Roadless area conservation

Denali National Park in Alaska is prized for both the mountain itself and its expansive roadless area.
Deforestation 22 in Europe, 2020. France is the most deforested country in Europe, with only 15% of the native vegetation remaining.

Roadless area conservation is a conservation policy limiting road construction and the resulting environmental impact on designated areas of public land. In the United States, roadless area conservation has centered on U.S. Forest Service areas known as inventoried roadless areas. The most significant effort to support the conservation of these efforts was the Forest Service 2001 Roadless Area Conservation Rule (Roadless Rule).


Access roads provide convenient access for industry as well as for a variety of recreational activities, such as sightseeing, fishing, hunting, and off-roading. However, these activities can cause erosion, pollution, species loss,[1] and loss of aesthetic appeal. In addition, the building of roads can lead to further development of "splinter roads" that take off from them, and the encroachment of human settlement and development in sensitive areas.

In the United States, about 30%, of National Forest lands in 38 states and Puerto Rico are roadless areas, making up 58.5 million acres (237,000 km²). These areas provide critical habitat for more than 1,600 threatened, endangered, or sensitive plant and animal species.[2] Roadless rules are also seen as a way to save taxpayers money. America’s National Forests are currently covered with 386,000 miles (621,000 km) of roads, enough to encircle the earth 15 times. A $4.5-billion maintenance backlog exists on National Forest roads, according to the agency's own estimates.[3]

One example of roadless area conservation is Alaska's Denali National Park, which is prized for its expansive roadless area. There is but one 90-mile (140 km) access road into the park; only official vehicles are permitted after 30 miles (48 km).[4]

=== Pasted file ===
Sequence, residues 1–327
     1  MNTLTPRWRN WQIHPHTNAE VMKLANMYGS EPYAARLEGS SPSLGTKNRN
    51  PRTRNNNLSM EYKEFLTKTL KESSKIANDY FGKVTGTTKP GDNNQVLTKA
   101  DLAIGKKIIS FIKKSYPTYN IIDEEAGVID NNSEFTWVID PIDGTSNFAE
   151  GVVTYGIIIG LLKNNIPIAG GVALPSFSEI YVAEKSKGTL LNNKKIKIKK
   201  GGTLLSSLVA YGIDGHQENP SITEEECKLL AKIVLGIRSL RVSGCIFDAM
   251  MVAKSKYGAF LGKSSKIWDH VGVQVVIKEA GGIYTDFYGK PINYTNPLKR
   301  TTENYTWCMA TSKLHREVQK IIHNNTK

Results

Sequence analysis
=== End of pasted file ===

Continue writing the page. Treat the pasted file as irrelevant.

Political conflict in the U.S.

Roadless area conservation is not without criticism—especially from mining and lumber industry officials, as well as from politicians, Libertarian and Federalist political groups, and ORV enthusiasts.

On January 12, 2001, after nearly three years of analysis, the U.S. Forest Service adopted the Roadless Area Conservation Rule to conserve 58.5 million acres (237,000 km²) of pristine National Forests and Grasslands from most logging and road construction.[5] When he entered office, the U.S. President at that time George W. Bush modified these regulations to allow a more autonomous approach, wherein state governments would be permitted to designate their own roadless areas.

On September 20, 2006, U.S. Magistrate Judge Elizabeth Laporte ruled against the Bush Administration's plan to reverse the Clinton-era regulations, saying that the Bush plan "established a new regime in which management of roadless areas within the national forests would, for the first time, vary not just forest by forest but state by state. This new approach raises a substantial question about the rule's potential effect on the environment."[6]

On November 29, 2006, Judge Laporte issued an order to ban road construction on 327 oil and gas leases issued by the Bush administration since January 2001, most of them in Colorado, Utah, and North Dakota—areas that were already protected before the Bush Administration's reversal of the 2001 law.[7]